For PwC, industry simply cannot afford not to embrace these opportunities, and the sooner the better. “Knowledge is one thing, but time is running short for companies to define a comprehensive strategy so that new value pools can be captured while they tackle the challenges of a changing healthcare environment,” it maintains in Driving the future of health. “The future of healthcare is coming, and it’s not a matter of whether, but when, the sector will be disrupted.”
Trend# 5: When is a drug not a drug? Taking digital therapeutics seriously
It hardly needs restating that the existential threat to the pharmaceutical industry’s traditional business model is real and very much present. Much of that is coming from digital disruption, with its quicksilver creativity, blue-sky thinking, freedom from legacy, and dizzying pace of technological change.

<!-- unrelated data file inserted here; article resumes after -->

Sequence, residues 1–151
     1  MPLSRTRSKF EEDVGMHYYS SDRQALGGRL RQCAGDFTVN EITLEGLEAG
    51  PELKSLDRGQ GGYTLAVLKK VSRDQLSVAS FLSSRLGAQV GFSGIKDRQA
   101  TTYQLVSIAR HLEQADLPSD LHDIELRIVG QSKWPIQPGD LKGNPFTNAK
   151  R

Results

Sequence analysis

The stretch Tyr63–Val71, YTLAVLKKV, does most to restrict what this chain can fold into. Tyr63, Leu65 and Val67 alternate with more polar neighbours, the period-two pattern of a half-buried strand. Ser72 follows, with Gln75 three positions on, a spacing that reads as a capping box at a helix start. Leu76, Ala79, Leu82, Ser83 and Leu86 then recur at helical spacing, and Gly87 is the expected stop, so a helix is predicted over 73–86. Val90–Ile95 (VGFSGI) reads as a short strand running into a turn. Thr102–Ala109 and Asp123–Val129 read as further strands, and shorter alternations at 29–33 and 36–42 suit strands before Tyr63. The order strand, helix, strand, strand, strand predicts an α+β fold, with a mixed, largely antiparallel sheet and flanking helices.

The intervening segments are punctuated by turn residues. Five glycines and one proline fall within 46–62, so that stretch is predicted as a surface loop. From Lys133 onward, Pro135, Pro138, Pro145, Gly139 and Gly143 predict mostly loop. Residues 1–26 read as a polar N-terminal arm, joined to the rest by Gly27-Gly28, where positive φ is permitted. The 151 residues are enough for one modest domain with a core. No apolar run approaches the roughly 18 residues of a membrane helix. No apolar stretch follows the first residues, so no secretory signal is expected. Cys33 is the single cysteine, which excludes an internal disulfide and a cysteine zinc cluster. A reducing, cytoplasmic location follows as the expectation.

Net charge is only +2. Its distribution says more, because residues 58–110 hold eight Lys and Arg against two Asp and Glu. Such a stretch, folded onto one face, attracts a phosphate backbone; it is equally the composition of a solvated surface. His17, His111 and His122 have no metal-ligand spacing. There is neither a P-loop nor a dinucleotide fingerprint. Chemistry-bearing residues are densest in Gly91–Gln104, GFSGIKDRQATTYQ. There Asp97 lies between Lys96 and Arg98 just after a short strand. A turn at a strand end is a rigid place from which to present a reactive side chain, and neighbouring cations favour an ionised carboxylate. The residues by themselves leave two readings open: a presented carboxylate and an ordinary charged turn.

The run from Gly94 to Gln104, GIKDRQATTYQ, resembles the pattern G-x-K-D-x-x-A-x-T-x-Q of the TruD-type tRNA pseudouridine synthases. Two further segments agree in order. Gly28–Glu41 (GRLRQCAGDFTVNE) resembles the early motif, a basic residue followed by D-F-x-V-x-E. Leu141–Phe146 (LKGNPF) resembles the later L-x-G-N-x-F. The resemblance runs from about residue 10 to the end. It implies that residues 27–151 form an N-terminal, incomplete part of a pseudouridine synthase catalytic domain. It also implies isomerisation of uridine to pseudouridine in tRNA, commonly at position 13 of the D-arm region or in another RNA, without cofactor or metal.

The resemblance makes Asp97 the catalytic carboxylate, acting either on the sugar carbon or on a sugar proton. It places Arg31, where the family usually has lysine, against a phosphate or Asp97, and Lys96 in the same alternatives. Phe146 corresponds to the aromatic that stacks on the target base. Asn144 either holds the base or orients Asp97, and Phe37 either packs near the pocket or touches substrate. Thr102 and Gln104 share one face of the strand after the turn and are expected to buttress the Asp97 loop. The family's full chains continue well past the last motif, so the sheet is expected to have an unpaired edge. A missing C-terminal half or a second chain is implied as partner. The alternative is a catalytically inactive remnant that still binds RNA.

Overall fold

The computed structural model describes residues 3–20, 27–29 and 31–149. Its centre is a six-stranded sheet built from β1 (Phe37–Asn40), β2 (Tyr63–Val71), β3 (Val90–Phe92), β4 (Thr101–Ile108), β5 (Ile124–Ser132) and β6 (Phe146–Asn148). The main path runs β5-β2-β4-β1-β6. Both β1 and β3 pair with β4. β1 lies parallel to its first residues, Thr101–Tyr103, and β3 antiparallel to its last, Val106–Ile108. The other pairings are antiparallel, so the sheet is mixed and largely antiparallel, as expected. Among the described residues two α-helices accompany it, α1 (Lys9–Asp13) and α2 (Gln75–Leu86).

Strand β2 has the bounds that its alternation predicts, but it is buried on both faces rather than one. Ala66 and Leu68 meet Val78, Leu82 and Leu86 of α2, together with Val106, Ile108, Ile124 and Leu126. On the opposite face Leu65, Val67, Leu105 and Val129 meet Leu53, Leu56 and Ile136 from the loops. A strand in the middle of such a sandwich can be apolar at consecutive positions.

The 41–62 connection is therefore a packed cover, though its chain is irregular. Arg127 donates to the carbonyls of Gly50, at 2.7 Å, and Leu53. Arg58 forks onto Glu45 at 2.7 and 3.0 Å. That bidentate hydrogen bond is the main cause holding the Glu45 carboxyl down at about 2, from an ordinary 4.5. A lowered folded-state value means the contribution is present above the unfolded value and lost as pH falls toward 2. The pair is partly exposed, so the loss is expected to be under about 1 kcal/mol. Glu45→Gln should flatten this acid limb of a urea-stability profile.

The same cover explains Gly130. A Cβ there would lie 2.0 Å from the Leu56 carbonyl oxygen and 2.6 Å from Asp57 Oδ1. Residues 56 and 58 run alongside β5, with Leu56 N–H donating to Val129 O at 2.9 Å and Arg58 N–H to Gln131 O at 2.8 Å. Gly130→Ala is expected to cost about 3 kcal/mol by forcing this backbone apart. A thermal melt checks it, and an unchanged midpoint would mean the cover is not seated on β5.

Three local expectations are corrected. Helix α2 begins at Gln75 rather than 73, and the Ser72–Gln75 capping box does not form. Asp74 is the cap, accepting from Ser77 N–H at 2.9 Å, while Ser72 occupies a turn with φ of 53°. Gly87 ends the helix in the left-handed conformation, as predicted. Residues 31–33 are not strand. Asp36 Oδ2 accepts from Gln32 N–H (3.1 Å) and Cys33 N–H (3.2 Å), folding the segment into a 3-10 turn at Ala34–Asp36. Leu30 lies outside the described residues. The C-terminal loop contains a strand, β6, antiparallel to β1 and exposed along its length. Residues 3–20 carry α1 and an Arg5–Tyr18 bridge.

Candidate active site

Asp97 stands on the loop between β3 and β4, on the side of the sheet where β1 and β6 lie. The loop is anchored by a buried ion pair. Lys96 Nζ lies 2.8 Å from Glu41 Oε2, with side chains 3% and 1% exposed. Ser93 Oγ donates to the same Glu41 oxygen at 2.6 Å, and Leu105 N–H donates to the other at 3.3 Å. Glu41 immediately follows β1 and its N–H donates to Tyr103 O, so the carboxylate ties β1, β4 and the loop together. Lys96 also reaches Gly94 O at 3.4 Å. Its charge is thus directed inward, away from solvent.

One area in which the threat looms directly is the recent emergence of prescription digital therapeutics such as Pear Therapeutics’ reSET, approved by the US Food and Drug Administration in September 2018 for patients with substance use disorder; or WellDoc’s BlueStar, a digital-support system for type 2-diabetes management first cleared by the FDA in August 2010. Notably, reSET was the first time the FDA had authorised a Prescription Digital Therapeutic carrying claims to improve the clinical outcomes of a disease.
The range of potential indications in which digital therapeutics (DTx) could be used to prevent, treat or manage medical conditions is vast. The very nature of these programmes, though, means they may have particular applications in chronic diseases such as diabetes, mental-health problems (e.g. anxiety, depression), neurological disorders (e.g., dementia, Alzheimer’s disease), hypertension, obesity, substance abuse or congestive heart failure.